Monday, December 12, 2011

Touching Base! Part 151

A Gift in a Box
Part 1 - The Gift of the Magi

Guest posting by Eric Prost

(This article can also we found on our website
at under the tab called "Blog")

This Touching Base is a useful tool for small group discussion, personal reflection or in a one-on-one conversation. We believe that if the Sunday teaching is discussed outside of the morning services, it will be an opportunity to go deeper and build healthy community because God's Word needs to be discussed in community.

In this December series, “A Gift in a Box”, we’re examining some of the blessings that flow from the true Christmas gift, Jesus Christ.

In his famous short story, The Gift of the Magi, American author O. Henry (1862-1910) tells a conventional Christmas story but then concludes with a twist, a surprise ending. In the sermon and the accompanying TB, we’ll look at the famous story of the Magi in Matthew’s gospel, not drawing surprise or unexpected conclusions, but hopefully glorifying God by seeing it afresh.

Read Matthew 2:1-12.

The Magi gave the baby Jesus gold, frankincense, and myrrh. Their gift to us is to show us how to respond as obedient, subject, surrendered servants to our Master.

A lot of traditions surround the Magi, or wise men, who came from the east bearing gifts: some traditions name them (Caspar, Melchior, and Balthazar)... other traditions make them magicians or assume there were 3 (or 8 or 12)... many believe they were Persian scholars or priests who travelled west to Jerusalem until the story begins in Matthew chapter 2.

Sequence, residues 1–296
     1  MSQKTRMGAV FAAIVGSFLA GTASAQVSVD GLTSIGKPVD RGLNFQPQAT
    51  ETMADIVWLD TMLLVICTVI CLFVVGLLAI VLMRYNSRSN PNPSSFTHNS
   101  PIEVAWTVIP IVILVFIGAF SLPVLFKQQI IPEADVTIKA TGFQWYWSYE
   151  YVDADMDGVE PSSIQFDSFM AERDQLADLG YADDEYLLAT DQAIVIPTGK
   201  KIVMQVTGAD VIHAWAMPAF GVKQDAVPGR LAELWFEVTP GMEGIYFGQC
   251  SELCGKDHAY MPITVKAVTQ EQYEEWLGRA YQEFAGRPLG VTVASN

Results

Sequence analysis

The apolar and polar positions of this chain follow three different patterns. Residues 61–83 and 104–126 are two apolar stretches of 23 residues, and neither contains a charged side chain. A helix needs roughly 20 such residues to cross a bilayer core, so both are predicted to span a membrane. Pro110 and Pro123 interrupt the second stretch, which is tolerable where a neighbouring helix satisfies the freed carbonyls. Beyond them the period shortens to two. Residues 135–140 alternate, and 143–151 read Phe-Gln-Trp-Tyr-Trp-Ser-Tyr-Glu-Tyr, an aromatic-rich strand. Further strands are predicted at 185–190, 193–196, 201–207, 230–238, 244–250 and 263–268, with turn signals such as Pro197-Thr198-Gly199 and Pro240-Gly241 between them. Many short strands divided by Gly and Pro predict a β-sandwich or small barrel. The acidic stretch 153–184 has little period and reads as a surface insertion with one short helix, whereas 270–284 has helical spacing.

What is clear from the Biblical account is that nothing in the story is easy. The Magi from the east probably travelled 1200 miles, which may have taken up to a year by camel. When they arrived, they weren’t sure where to go. When they ask the king (Herod), he is disturbed by their arrival and their questions. Everyone is upset. No one is happy or too curious. Even the priests and local wise men are not impressed. They know from ancient scripture, which they quote, that the Messiah is to be born in Bethlehem, and they point the way for the Magi… but don’t bother to go along.

Then the magi are tricked by Herod (almost) into divulging the whereabouts of the baby King so that Herod can murder Him. They then give their best gifts away. Finally, the visitors who travelled so far and should have been held in some esteem, sneak away out the back door, never to be heard of again.

Nothing about the account was easy… except for one thing, in verses 10 and 11:
“When they saw the star, they were overjoyed […] and they bowed down and worshipped him”.
In the KJV and English Standard versions it reads, “and fell down….” and in J.N. Darby’s translation, “and falling down did him homage”.

To be overjoyed, and then to be subject to Christ, to worship him, to do obeisance, to surrender – face down – seems to have been easy and spontaneous.

Now read Romans 6:16-22.

The Magi take us back to our Christian Beginnings, to the basics. We often hear of the great truths about being co-heirs with Christ or about being children of God or about being Christ’s bride. But first, we must be his slaves and he our Master.

We can be one of two things: we can be slaves to sin resulting in death, or we can be slaves to God and righteousness leading to holiness. Either way, we are slaves (a stronger word than “servants” and probably a true translation).

As John Stott puts it,
“Conversion is an act of self-surrender; self-surrender leads inevitably to slavery; and slavery demands a total, radical, exclusive obedience. So, once we have offered ourselves to him as his slaves, we are permanently and unconditionally at his disposal”.
This may not be easy. We can look to the Magi as they spontaneously fell before him as an example, but it can be hard to do.

Finally, it’s important to realize who the Master is.

God isn’t asking us to be enslaved without knowing something about the Master.